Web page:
A few years ago, my 3-year-old daughter Siu Loong and I were hanging out with another three-year-old and her mother. My friend was planning to attend an event at the local radical bookstore later that evening. Sure that Siu Loong wouldn’t sit quietly through a slideshow about political movements in
My friend kept trying to convince me to go. She pointed out that the girls were having a great time together and that, between the two of us, we could tagteam dealing with them.
I finally agreed.
When the slideshow started, my friend pulled Siu Loong on her lap and absent-mindedly starting bouncing her. “Bouncy, bouncy, bouncy, bouncy!” my daughter chanted happily.
The presenter stopped, looked at us and said, “I can’t concentrate. That’s really distracting.” I started to take Siu Loong outside; she began wailing because she wanted to stay with her friend; her friend didn’t want to leave and, to top it off, the girls had scattered their belongings throughout the store, making it impossible to grab our stuff to make a quick exit.
I ended up sitting outside the bookstore feeling humiliated, ostracized and stupid for letting myself get talked into the situation. I felt unsupported by the other mama, who, despite her earlier arguments, had said nothing.
I didn’t attend an event there for the next three years.
This past month, I organized a panel about incarcerated women at that same bookstore. Even though my daughter, now 7 ½, can read a book through any event I drag her to, I’ve never forgotten that feeling and so decided to arrange childcare, a first for that particular venue. Two volunteers with Regeneracion, the local radical childcare collective, agreed to hang out with the kids during the event.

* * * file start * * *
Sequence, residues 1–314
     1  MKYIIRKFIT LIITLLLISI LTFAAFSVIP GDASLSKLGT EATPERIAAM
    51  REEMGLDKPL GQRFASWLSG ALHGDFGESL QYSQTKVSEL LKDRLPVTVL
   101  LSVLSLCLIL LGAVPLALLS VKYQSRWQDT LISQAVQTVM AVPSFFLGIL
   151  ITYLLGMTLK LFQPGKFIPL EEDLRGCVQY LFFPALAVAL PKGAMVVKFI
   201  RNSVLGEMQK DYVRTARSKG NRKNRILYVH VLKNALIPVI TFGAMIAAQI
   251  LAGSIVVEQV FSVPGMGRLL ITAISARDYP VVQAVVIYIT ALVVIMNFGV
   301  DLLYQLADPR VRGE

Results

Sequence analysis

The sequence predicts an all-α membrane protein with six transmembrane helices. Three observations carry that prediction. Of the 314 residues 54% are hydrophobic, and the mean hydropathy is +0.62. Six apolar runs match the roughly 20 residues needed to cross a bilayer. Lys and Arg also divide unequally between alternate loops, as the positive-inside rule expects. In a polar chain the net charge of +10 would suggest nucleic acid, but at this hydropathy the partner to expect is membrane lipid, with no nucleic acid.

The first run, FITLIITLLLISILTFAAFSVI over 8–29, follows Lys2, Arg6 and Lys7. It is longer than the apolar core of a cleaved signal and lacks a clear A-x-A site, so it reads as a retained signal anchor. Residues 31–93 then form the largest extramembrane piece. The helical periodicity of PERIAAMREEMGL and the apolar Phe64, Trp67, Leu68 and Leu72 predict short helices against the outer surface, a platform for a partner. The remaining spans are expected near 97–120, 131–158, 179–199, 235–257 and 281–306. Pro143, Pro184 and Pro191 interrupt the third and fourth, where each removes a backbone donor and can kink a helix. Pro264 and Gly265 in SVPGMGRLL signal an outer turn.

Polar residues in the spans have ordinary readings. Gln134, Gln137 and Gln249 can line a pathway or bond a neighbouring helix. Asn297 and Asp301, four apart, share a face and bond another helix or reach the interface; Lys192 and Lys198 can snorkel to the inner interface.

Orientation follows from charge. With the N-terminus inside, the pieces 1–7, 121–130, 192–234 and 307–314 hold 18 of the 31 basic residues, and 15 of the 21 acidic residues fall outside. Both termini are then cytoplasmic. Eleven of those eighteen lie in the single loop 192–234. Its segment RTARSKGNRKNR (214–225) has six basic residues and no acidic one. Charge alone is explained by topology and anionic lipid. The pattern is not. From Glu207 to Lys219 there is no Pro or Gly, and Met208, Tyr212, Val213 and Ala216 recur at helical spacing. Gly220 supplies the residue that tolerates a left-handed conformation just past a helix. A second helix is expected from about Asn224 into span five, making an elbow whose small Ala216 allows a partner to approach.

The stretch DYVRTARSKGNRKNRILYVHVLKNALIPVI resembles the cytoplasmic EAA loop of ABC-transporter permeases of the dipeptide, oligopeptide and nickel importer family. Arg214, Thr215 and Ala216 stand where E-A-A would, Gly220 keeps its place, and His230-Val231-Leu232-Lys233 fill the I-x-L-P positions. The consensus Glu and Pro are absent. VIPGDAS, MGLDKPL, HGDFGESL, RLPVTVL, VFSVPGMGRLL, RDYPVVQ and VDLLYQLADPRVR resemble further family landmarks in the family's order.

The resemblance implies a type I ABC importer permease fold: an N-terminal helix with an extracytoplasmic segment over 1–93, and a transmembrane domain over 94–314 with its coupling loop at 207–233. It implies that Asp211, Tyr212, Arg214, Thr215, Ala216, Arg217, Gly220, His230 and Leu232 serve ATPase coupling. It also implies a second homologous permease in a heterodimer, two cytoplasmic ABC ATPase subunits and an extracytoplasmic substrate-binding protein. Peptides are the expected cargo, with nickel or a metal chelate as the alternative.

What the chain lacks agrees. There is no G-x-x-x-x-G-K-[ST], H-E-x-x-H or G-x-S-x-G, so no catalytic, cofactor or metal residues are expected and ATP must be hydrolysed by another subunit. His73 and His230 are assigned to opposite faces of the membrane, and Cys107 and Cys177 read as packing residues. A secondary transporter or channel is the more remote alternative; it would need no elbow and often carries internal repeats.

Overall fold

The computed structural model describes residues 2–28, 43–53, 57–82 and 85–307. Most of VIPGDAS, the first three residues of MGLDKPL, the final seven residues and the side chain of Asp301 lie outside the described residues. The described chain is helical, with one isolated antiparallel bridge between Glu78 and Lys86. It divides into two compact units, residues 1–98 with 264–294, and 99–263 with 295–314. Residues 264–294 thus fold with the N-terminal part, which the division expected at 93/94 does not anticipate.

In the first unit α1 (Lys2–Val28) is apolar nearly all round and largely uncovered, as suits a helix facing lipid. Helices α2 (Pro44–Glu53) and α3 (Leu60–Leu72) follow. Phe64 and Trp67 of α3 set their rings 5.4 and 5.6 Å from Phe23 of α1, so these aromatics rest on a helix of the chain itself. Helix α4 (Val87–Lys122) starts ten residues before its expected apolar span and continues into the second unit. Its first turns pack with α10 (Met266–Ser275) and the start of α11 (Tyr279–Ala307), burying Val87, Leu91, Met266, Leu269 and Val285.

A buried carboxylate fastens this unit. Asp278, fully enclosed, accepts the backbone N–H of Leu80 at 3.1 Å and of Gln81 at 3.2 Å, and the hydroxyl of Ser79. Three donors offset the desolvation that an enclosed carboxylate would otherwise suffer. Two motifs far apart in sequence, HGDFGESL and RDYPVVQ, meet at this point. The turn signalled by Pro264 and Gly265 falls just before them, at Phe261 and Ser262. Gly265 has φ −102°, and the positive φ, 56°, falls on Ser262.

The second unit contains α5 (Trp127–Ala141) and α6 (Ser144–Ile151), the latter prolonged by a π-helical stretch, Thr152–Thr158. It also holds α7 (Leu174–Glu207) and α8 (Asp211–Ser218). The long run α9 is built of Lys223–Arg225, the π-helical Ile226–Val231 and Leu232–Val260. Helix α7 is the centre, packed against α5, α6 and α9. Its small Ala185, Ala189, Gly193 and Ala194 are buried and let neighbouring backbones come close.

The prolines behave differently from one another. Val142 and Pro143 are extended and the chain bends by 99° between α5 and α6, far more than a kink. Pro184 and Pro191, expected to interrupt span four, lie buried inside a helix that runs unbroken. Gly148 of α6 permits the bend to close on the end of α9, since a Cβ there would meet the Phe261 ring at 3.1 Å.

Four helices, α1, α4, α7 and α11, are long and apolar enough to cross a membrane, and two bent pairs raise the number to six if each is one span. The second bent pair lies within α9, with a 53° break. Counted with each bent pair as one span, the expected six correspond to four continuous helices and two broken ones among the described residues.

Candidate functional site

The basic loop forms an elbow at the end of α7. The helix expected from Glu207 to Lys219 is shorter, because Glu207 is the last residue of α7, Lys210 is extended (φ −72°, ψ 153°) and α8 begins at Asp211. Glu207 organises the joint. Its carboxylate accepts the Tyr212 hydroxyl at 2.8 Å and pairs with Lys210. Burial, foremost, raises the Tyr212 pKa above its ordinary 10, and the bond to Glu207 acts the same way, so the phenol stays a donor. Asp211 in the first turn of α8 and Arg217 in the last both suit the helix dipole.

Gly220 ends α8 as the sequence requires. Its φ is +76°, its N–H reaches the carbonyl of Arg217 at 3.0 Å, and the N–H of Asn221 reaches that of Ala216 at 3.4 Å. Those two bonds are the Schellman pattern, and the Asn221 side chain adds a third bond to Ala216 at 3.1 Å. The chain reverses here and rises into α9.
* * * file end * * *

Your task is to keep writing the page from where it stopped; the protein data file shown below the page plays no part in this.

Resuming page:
Two other girls showed up with their mothers. The childcare providers took them to the playground, then stayed with them outside where the girls held an imaginary dinner party while the grown-ups inside talked about abuse in women’s prisons, the companies that profit from the soaring rates of incarceration, and work being done—both inside and out—to challenge and change these realities.
Although we didn’t manage to challenge or change any aspect of women’s incarceration that night, by providing childcare we did manage to change the reality that, for many mothers, attending a social justice event is still not possible.